The cookie is just an ordinary texture but only the transparency channel is relevant. When you import the cookie, Unity gives you the option to convert the brightness of the image to alpha so it’s often easier to design your cookie as a grayscale texture. You can use any image editor to create a cookie and save it to your project’s Assets folder.
When the cookie is imported in Unity, select it from the Project view and set the Texture Type to Cookie in the inspector. You need to also enable Alpha From Grayscale unless you already have designed the image’s alpha channel yourself.
The Light Type affects the way the cookie is projected by the light. A spotlight should use a cookie with the set type to Spotlight but a directional light can use the Spotlight or Directional options. A directional cookie with a directional light will repeat the cookie in a tiled pattern all over the scene. When a spotlight cookie is used, the cookie will appear just once in the ‘beam’ of its direct path of the light; this is the only case where the position of a directional light is important.
Applying a Cookie to a Light
When the texture is imported, drag it to Light’s Cookie property in the inspector.
The spotlight and point light simply scale the cookie according to the size of the cone or sphere. The directional light has an additional option of Cookie Size that lets you scale the cookie yourself; the scaling works with both Spotlight and Directional cookie types.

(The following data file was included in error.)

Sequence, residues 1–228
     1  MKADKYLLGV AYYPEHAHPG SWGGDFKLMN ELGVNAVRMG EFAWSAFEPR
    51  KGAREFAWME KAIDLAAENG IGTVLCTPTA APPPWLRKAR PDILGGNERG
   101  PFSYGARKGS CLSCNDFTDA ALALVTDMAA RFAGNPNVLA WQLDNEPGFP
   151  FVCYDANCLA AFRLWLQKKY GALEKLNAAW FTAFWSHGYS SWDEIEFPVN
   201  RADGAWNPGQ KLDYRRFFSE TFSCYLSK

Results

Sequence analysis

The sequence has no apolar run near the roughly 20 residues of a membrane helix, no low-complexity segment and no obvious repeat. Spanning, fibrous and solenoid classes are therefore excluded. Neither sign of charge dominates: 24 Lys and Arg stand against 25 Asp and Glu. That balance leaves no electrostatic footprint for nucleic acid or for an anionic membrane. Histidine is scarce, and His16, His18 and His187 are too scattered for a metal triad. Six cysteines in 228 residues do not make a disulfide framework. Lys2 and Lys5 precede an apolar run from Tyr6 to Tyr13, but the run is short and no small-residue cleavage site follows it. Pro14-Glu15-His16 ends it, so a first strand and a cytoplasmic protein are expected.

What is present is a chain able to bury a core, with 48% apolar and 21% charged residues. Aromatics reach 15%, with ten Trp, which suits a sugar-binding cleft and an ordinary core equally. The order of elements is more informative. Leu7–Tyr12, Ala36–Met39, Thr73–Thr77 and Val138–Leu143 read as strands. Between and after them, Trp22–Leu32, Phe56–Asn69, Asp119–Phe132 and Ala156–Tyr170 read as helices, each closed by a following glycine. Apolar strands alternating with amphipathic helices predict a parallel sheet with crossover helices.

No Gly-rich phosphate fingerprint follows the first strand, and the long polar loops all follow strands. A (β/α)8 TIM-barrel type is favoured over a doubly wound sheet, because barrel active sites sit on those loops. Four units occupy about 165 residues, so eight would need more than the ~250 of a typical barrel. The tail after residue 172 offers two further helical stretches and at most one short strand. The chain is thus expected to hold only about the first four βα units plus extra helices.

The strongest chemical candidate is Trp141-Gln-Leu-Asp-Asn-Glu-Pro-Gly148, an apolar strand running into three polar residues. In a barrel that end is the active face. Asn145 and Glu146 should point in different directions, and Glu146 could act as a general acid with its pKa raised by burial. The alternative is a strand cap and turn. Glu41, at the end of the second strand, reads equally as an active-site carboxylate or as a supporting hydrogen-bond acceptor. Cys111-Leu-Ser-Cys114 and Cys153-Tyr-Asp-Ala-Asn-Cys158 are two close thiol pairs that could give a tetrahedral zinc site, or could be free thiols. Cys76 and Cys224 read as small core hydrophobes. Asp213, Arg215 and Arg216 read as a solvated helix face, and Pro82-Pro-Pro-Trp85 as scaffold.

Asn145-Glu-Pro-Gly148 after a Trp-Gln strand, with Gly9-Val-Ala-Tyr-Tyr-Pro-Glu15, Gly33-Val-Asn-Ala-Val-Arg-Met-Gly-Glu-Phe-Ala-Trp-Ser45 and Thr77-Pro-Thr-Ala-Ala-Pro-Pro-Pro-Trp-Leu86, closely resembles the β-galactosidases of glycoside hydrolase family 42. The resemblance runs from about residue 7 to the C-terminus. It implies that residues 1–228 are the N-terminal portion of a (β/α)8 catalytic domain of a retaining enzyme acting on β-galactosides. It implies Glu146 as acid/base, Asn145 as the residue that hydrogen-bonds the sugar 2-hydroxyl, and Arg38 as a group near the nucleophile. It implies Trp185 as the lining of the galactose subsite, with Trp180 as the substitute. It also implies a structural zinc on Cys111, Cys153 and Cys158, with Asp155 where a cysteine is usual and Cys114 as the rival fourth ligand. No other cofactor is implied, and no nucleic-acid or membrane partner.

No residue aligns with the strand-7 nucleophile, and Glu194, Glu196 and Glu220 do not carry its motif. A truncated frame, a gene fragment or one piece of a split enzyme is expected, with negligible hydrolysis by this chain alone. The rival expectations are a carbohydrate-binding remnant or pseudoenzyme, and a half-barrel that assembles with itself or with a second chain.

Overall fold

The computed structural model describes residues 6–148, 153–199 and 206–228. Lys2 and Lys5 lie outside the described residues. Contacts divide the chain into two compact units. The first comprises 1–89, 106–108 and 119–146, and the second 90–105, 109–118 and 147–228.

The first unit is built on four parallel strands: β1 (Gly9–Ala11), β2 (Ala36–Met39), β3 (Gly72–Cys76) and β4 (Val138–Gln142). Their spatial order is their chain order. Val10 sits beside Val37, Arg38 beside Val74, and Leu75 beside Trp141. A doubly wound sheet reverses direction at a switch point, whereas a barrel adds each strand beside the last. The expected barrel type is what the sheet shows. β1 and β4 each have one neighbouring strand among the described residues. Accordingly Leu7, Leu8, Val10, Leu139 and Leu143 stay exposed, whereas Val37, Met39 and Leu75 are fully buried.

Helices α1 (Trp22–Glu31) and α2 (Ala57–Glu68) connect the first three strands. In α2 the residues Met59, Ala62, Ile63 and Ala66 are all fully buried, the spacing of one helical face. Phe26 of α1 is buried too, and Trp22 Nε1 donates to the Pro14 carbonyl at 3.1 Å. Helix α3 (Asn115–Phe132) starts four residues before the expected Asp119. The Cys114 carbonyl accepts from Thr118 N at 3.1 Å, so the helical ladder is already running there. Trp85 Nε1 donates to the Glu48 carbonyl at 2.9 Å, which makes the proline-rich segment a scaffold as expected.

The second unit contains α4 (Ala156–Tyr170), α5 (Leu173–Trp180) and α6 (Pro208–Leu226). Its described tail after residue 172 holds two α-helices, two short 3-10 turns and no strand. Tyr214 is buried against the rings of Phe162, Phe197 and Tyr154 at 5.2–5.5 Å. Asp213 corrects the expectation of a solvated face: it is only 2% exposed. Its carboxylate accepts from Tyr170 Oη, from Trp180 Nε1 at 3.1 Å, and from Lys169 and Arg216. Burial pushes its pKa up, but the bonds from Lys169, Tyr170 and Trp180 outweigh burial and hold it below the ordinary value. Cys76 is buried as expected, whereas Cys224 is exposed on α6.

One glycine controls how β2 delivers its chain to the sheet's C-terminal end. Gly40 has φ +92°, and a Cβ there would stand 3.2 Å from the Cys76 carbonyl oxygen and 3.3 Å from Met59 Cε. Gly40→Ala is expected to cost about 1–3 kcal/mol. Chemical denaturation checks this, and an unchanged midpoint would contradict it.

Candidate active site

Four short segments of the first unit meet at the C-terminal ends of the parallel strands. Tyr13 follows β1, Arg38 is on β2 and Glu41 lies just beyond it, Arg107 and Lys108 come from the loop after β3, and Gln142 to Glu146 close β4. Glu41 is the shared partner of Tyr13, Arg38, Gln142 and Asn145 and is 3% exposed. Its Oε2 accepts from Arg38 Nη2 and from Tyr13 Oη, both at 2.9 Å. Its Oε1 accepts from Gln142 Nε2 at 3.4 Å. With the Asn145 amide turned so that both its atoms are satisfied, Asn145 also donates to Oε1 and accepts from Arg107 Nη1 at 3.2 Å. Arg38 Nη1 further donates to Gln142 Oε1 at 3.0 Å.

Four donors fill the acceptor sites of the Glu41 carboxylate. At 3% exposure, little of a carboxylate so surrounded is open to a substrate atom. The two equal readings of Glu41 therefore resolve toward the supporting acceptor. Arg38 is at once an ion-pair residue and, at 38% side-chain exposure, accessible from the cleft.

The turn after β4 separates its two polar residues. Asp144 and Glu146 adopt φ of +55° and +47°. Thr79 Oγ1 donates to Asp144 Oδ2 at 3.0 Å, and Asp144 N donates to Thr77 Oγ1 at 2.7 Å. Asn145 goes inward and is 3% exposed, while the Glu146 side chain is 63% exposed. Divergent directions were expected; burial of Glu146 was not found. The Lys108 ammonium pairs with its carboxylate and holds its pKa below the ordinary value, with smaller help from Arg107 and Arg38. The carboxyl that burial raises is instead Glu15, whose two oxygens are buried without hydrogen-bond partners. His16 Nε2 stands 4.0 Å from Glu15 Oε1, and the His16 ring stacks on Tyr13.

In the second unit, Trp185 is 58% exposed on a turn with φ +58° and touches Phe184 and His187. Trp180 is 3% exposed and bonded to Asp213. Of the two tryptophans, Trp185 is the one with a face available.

Uses of Cookies
Note: The cookie need not be completely black and white but can also incorporate any grayscale level. This can be useful for simulating dust in the path of light.
Realtime GI is useful for Lights that change slowly & have a significant visual impact on your Scene, such as the sun moving across the sky, or slowly pulsating light in the closed corridor. Realtime Global Illumination is suitable for games that target mid-level to high-end PC systems and consoles. Some high-end small devices (like mobile) might also be powerful enough to make use of this feature, but you should keep small Scenes & the resolution for real-time lightmaps low to conserve system resources.
Using Realtime GI
To enable Realtime GI in your Scene
Open Window > Rendering > Lighting and Enable Realtime Global Illumination.
Light Probes and Realtime GI
When you enable Realtime Global Illumination in a Scene, Light Probes sample lighting iteratively at runtime. It means that they react to runtime changes in lighting scenes.
Global Illumination (GI) is a system that models how light is bounced off of surfaces onto indirect light rather than being limited to just the light that hits a surface directly from direct light.
Baked Light behaviour
- Unity bake both direct lighting and indirect lighting from Baked Lights into a lightmap
- For more information on using lightmaps, see lightmapping.
Limitations of Baked Lights
- You cannot change the properties of Baked Lights at runtime.
- Baked Lights do not contribute to specular lighting.
- Dynamic GameObject does not receive light or shadow from Baked Lights.
In this blog, we gave an overview of the considerations which need to be made before setting up a scene for lighting and how lighting is one of the most impactful stages when it comes to unity game development. We have also briefly looked at creating various lighting effects. Combining this with the ability to quickly iterate on lighting with real-time updates to Global Illumination, plus the ability to change bounced lighting at run time, it quickly becomes easy to see how Unity’s Precomputed Realtime Global Illumination can be an attractive option for many real-time applications.
Baked is pre-computed and saves the engine a ton of processing power when dealing with shadows in a scene. Whenever you have a static light source and static objects (i.e. they don’t move), then they use baking.